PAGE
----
Problems with myelin theory

Jeremy Leipzig jeremyl at mindspring.com
Thu Feb 12 20:14:59 EST 1998


Several neuroscience textbooks cite the ability of myelin to increase
the capacitance of the neural membrane as one of its principal means of
increasing the velocity of propagation of neural impulses.  Increasing
the capacitance of the membrane (by effectively making it thicker) means
less charge is needed to create the same potential difference across
that membrane.

I am confused by this claim for the following reasons:
    1) There is no myelin in the Nodes of Ranvier where the
voltage-gated ion channels are located.
    2) Increasing the capacitance of a membrane would increase the
electric potential across that membrane but it would not increase the
electric field.  The same way, for instance, walking up a flight of
stairs increases your potential energy while your weight remains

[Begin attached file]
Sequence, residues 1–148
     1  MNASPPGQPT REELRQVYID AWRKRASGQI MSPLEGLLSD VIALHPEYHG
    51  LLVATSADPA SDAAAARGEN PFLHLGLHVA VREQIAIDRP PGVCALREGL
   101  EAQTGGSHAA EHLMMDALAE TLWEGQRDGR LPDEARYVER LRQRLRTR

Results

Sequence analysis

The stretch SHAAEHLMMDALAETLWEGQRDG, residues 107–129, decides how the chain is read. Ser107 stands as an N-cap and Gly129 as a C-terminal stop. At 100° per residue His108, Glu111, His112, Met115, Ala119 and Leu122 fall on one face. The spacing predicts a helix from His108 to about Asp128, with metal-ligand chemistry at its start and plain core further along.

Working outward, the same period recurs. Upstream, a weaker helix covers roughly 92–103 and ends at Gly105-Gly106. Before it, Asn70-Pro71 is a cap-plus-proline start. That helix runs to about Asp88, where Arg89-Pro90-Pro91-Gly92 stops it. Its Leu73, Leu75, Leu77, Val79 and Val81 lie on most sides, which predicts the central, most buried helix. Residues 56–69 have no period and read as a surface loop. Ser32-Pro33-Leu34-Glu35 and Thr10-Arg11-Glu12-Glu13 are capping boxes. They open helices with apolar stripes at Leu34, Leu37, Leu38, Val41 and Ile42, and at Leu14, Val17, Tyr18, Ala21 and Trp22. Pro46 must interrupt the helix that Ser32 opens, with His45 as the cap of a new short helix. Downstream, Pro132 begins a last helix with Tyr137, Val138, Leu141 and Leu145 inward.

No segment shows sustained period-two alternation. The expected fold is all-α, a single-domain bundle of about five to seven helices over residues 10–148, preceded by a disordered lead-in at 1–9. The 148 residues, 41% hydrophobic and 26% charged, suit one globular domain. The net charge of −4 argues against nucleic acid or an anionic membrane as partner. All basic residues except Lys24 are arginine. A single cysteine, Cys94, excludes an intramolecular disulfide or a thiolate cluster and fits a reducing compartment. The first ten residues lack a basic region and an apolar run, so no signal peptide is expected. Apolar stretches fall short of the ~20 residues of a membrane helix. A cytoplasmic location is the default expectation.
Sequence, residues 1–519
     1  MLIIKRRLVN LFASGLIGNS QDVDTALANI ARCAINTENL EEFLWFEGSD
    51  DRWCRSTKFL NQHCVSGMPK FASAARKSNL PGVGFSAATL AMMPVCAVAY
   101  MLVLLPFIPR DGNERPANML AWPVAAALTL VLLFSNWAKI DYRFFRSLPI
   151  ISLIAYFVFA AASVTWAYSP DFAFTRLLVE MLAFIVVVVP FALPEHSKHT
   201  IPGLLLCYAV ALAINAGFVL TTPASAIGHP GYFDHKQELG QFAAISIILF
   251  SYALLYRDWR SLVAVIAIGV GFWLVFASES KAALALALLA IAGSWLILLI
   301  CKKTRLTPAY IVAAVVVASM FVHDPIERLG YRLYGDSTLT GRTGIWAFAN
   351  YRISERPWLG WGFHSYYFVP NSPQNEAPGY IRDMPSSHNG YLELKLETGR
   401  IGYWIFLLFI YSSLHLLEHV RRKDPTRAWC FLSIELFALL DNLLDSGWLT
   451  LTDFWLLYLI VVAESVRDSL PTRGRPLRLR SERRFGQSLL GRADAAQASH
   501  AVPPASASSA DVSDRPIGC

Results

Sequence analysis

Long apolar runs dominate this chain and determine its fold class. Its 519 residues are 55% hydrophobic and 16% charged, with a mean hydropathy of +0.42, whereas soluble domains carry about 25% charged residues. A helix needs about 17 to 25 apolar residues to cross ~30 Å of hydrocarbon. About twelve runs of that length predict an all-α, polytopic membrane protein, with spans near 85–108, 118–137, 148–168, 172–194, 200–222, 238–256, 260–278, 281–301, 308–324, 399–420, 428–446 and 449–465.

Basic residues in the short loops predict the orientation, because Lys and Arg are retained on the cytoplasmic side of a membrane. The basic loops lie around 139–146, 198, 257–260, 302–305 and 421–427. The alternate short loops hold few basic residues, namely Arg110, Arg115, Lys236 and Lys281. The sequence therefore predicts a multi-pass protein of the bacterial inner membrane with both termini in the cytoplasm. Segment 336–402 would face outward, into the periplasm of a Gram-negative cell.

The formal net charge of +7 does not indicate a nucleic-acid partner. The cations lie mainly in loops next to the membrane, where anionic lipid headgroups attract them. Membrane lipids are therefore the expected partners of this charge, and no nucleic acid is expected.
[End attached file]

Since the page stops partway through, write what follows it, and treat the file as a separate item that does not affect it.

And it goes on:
conserved.
    Hence, the force exerted on ions would be the same regardless of the
presence of myelin.  As I remember, voltage-gated ion channels are
governed by the force exerted on charged amino acid helices that form
pores through which ions can travel.  These channels would only respond
to a change in the electric field, not merely electric potential.

Am I correct in my doubts?  Your thoughts would be greatly appreciated.

--
Jeremy Leipzig         http://www.mindspring.com/~jeremyl       
(919)469-0936
1204 Kilmory Dr. Cary, NC 27511                        
jeremyl at mindspring.com
 




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